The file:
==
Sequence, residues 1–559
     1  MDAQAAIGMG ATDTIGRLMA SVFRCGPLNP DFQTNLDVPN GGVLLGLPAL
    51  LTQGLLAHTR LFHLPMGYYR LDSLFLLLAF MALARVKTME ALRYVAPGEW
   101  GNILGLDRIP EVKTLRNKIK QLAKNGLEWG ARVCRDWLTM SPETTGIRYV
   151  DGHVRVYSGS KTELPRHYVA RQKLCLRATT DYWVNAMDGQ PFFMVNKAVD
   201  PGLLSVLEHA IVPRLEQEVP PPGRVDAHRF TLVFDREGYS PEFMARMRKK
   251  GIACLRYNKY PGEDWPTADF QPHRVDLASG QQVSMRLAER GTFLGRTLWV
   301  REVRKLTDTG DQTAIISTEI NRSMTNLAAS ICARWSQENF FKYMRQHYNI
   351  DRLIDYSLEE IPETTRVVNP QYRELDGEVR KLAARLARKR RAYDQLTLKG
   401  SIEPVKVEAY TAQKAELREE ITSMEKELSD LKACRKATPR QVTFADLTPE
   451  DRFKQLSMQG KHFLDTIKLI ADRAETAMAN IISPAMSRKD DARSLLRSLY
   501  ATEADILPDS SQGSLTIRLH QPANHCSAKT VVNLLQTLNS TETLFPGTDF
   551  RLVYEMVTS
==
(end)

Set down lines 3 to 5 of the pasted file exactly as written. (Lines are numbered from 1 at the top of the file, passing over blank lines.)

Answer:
    51  LTQGLLAHTR LFHLPMGYYR LDSLFLLLAF MALARVKTME ALRYVAPGEW
   101  GNILGLDRIP EVKTLRNKIK QLAKNGLEWG ARVCRDWLTM SPETTGIRYV
   151  DGHVRVYSGS KTELPRHYVA RQKLCLRATT DYWVNAMDGQ PFFMVNKAVD